Thursday, November 12, 2009

How God Is too Ordinary and too Extraordinary

I think God is much more of a concrete thinker than we are.  We have a lot of grand ideas in the abstract.  God's ideas are much grander than ours, but sometimes I think they catch us completely by surprise because they are so concrete, and sometimes seem so ordinary.

I think of the Jews waiting for the Messiah. They imagined a great and powerful king.  What they saw instead was a man.  An ordinary man, the son of a carpenter and his wife.  A man who lived among them much like any man would.  Some came to recognize the astounding truth about this man that went far beyond their wildest imaginations about the Messiah.  I always have some sympathy for those that didn't recognize Him, though.  Outwardly He was so much less than they expected, and in reality He was beyond their wildest expectations.  I mean, they knew that the Messiah would be a great man, but did they realize that He would be God? They knew the Messiah would be establishing a kingdom, but did they realize it wasn't some political kingdom, but the kingdom of heaven for all eternity?

What about the miracles?  I have already told you that I have sort of an abstract idea about miracles.  I have this feeling that they should come out of nowhere and be explainable by nothing.  Yet I do believe that God often works His miracles through other people.  I may not like to call them miracles, but sometimes they are.

The sacraments.  Now there's an example of a God who thinks more concretely than I do.  God can give the grace of Christ crucified any way He wants.  I think that He certainly does give His grace to us at all times and in all ways, but I also believe that He gives His grace to us in a special way through the sacraments.  By the work of the Holy Spirit, we are born again of water and the Holy Spirit.  Could our re-birth really come about through the use of ordinary water?  Could the forgiveness of our sins come through the priest?  Could bread become Jesus' very flesh?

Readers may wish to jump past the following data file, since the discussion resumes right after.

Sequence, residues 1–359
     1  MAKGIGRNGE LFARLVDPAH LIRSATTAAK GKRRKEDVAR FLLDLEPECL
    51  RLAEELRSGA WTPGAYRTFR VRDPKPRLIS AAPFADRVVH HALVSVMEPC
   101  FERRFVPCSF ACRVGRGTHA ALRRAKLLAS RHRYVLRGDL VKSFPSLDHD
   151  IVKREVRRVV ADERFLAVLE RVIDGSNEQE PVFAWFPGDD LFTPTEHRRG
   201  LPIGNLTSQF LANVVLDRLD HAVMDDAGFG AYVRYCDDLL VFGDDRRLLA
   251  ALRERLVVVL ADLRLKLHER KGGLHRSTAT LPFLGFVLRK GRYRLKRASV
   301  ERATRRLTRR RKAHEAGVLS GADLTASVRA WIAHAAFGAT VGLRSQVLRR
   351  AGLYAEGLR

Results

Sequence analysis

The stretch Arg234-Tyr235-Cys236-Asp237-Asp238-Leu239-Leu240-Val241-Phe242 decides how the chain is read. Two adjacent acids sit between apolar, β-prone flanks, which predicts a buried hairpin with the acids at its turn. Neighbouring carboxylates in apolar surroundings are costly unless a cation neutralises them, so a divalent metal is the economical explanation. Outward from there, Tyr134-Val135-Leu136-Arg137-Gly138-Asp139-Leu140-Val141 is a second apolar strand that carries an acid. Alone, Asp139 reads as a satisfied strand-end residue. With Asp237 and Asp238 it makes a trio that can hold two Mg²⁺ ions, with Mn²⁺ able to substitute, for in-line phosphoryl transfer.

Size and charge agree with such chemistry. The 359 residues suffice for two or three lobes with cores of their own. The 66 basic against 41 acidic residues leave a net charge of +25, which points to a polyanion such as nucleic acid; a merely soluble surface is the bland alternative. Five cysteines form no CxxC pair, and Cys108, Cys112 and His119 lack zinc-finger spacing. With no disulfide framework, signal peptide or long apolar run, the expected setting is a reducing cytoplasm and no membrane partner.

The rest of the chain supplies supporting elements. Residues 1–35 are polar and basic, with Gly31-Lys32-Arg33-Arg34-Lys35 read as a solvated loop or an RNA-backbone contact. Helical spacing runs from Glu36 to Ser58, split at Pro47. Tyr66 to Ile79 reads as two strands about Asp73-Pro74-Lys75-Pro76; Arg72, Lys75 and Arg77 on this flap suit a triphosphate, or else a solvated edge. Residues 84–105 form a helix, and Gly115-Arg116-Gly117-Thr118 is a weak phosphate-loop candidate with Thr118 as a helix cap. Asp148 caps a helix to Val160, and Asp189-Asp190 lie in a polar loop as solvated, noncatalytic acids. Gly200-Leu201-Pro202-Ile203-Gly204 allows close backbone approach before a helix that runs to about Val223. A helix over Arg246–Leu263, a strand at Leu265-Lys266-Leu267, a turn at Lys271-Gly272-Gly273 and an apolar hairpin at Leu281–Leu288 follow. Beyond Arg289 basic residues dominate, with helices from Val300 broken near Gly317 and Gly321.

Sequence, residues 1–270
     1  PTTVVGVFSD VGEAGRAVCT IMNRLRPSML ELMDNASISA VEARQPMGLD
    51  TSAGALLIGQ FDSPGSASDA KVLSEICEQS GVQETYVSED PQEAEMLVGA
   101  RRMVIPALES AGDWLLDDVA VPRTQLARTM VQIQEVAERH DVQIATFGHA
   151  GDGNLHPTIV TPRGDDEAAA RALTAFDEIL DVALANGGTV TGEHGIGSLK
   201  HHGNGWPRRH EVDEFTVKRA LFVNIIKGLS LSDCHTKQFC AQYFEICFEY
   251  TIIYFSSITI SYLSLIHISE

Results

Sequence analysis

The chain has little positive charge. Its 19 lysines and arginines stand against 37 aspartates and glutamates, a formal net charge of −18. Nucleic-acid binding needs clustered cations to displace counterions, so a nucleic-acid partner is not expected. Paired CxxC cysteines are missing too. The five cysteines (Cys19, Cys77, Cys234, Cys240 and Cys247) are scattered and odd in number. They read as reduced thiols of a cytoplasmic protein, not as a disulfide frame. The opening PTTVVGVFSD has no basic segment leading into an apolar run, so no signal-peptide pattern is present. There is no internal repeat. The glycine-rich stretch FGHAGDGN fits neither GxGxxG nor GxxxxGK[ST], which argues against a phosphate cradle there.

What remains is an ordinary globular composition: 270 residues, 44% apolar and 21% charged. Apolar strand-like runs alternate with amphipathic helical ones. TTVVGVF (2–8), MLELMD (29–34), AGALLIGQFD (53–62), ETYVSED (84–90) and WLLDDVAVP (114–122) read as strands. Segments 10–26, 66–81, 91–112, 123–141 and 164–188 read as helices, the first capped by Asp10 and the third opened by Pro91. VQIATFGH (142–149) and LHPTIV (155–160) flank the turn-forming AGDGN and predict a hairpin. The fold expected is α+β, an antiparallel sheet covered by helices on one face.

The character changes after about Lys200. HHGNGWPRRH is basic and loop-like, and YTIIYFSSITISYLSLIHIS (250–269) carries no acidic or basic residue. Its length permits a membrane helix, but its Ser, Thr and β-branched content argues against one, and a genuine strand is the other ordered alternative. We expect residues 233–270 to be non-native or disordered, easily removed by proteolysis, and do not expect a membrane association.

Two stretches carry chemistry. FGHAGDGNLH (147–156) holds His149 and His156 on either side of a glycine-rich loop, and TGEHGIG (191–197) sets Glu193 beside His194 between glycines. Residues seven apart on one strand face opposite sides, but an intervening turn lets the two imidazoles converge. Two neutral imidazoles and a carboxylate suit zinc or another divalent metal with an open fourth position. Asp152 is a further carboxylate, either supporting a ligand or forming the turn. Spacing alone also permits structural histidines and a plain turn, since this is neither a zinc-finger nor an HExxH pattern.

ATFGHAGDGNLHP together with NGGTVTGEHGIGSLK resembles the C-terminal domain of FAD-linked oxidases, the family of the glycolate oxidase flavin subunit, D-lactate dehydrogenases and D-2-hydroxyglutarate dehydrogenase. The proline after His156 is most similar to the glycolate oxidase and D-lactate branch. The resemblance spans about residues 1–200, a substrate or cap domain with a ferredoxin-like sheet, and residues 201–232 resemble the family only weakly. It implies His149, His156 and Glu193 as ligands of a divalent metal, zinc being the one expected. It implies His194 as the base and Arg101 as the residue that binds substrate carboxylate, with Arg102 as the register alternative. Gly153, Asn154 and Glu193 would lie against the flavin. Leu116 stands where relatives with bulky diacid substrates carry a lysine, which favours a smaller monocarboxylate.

I don't know about you, but when I think of "spiritual" moments, somehow I make them much more abstract in theory.  Maybe I think that they could be connected to concrete realities in a secondary way, but not in such a primary way.

Now let me ask you this.  Did you ever stop to think about Genesis 1:27?

"So God created man in his own image,
in the image of God he created him;
male and female he created them."

We are made in the image and likeness of God.  God created us exactly the way He wanted us.  We are not just spirits, and we are not souls trapped in bodies.  We are people with a body and soul.  It is not just our soul that is created in the image of God.  Our bodies are an essential part of the image.  Our masculinity and femininity are an essential part of the image.  Our bodies, with all their flaws and imperfections, BO, extra hair where it doesn't belong, baldness, bulges, flatness, weird noises and all, is an essential part of the revelation of God to those who will take the time to see it.

Praise God for JPII, who shared this vision with the world.

1 comment:

  1. I totally agree. Although, I would REALLY like to see a post where you explain how God is revealed in some of those awkward body things. :)

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